This option focuses on utilizing Maple Grove to relieve pressure from Glenwood Heights Primary and Laurin Middle School. Students who currently attend Maple Grove would shift to Glenwood/Laurin, Daybreak and Tukes Valley Schools. Create a new school community out of the densely populated southeast corner of the district with a current student population of 594. Pleasant Valley will also be relieved of overcrowding pressure by shifting some students to Daybreak schools. It would also allow for future flexibility if the district is able to eventually get a building bond passed for a new K-8 school in the southern part of the district.
You can read more about the proposed redistricting options on the district’s website, and see maps of the proposed boundary changes.
“We recognize that boundary changes are hard,” said Deputy Superintendent Denny Waters, who helped oversee the committee process. “If the current situation remains, family, staff, and students will continue to feel the effects of overcrowding. If changes are made, families that are removed from their community schools may have negative feelings about the proposed changes.”
According to the district, the Glenwood/Laurin campus currently holds around 1,500 students. The campus was originally built for just under 1,100. A report by E.D. Hovee & Co., Economic and Development Services, commissioned by the district, predicted that both schools could see upwards of 445 new students each over the next decade, given growth estimates in the southern part of the district. That report has been criticized by Battle Ground resident Dick Rylander, who points out that the district has actually seen enrollment decrease in that part of the district over the past couple of years.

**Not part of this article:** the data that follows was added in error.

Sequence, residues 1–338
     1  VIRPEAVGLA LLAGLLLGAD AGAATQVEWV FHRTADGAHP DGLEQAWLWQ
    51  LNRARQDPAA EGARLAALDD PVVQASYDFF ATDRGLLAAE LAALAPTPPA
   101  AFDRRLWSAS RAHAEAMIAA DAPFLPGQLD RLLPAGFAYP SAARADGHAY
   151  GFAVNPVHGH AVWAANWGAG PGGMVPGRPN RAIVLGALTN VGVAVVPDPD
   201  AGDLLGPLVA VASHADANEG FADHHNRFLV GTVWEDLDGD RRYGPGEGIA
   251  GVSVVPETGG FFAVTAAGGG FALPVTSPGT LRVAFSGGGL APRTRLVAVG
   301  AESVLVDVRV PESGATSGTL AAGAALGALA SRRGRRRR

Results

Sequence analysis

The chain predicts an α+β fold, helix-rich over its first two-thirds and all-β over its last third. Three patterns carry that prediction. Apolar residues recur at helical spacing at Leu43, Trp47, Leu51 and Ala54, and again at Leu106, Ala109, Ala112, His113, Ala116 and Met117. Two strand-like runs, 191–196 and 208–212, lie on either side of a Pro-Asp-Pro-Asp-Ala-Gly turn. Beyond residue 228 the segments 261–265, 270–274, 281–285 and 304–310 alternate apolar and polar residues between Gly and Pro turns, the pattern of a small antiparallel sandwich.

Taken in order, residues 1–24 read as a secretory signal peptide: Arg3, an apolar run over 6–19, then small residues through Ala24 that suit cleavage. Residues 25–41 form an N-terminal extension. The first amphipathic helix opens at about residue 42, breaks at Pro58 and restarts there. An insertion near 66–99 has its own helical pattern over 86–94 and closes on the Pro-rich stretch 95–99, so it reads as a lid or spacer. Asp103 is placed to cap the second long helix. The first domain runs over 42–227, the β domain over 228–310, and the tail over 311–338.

“We believe that, given the circumstances, however, changes need to be made,” Waters added.
The board will hold a Nov. 19 work session at 5 p.m. to talk over the options. That meeting will be open to the public, but no community input will be taken at that time. Ross said the public will be allowed to comment on the plan for several meetings in late November and into early January. The district must make a decision before Jan. 20 to account for early enrollment for kindergarten students.
“I am in awe of this work,” said board member Mavis Nickels, whose district includes many of the most affected schools. “What I saw happening at that meeting, and when I heard the passion and care, almost had me in tears a few times.”
In addition to the four options presented, the committee also provided some feedback on actions they would like the district to take. One of those included reintroducing a building bond, and emphasizing that many older buildings in the district are unable to be upgraded to modern security levels. They recommended running a series of smaller, more targeted bonds, rather than one large one.
The committee also recommended that the school board join efforts to lobby the state legislature to consider a constitutional amendment, removing the 60 percent minimum vote requirement to get a school bond approved.
Another idea that wasn’t adopted in the proposal, but could be a consideration going forward, would be to move Alternative Learning Experience campuses, such as River Homelink in the old Maple Grove Primary building, in order to open space for other students. The committee also felt that doing a better job of advertising the district’s online learning components could lead more parents to take advantage of them, potentially reducing the number of students going to physical school buildings.